Biography of the famous early-20th-century Arab nationalist and soldier Fawzi al-Qawuqji (1890-1977).
Parsons (History and Islamic Studies/McGill Univ.; The Druze between Palestine and Israel, 1947-49, 2000) offers a short but satisfying account of the life and military adventures of al-Qawuqji, a passionate supporter of Arab unity who played a significant role in many of the conflicts that gave rise to the modern Middle East. The author provides brief sketches of al-Qawuqji’s character, but recounting and contextualizing his eventful life is her main focus. Following al-Qawuqji from his early days soldiering for the Ottoman Empire to his role in major anti-colonial revolts in Syria, Palestine, and Iraq, Parsons conveys the epic sweep of his life and his importance to Arab history in matter-of-fact terms: “[His] life was the story of one individual, not the history of a nation. He found himself in particular places, made particular choices, and even fought particular battles, largely as a result of personal circumstances.” The author’s style is determinedly unromantic—a feature, not a flaw. The effect of her careful, analytical approach is to dismantle various myths and misinterpretations that have developed around the period. For example, in writing about the British invasion of the Ottoman Empire during World War I, Parsons notes, “of course the better-known story about Arabs in World War I is that of the pro-British Arab Revolt of 1916, helped by the British officer T.E. Lawrence. But in military terms the Arab Revolt was a sideshow.” In addition to a much-needed biography of al-Qawuqji, the author provides a history of the heyday and collapse of Arab nationalism. Especially in writing about al-Qawuqji’s leadership of the Arab Liberation Army during the 1948 Arab-Israeli War, Parsons is unerring in pointing to the factional rivalries and structural difficulties that impeded cooperation between the fledgling Arab states.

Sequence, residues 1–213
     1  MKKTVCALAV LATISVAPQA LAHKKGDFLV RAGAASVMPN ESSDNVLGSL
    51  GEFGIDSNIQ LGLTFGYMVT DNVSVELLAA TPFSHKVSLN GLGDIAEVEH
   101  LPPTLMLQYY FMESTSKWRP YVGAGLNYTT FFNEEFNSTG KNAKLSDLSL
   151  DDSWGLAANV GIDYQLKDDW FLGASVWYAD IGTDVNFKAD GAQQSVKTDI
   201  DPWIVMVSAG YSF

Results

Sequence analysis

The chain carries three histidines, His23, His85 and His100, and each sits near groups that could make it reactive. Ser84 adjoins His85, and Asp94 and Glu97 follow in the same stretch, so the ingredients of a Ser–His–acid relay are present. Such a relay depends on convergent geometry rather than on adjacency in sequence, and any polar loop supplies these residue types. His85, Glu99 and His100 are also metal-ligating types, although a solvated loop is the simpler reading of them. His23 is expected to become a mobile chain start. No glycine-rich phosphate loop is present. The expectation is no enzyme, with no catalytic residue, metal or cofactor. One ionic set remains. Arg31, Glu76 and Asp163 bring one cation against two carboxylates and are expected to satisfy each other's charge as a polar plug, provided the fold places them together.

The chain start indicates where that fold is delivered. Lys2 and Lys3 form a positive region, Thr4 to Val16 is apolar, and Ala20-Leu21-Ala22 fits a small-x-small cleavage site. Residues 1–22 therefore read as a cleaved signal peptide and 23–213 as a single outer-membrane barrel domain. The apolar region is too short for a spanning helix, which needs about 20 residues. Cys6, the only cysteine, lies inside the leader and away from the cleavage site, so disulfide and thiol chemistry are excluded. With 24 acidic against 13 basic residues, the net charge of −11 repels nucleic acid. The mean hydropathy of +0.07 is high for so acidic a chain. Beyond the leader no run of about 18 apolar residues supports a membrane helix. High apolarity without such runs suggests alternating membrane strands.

A remarkably evenhanded biography of an important player in Arab history that doubles as a crucial scholarly reinterpretation of the rise and fall of Arab nationalism.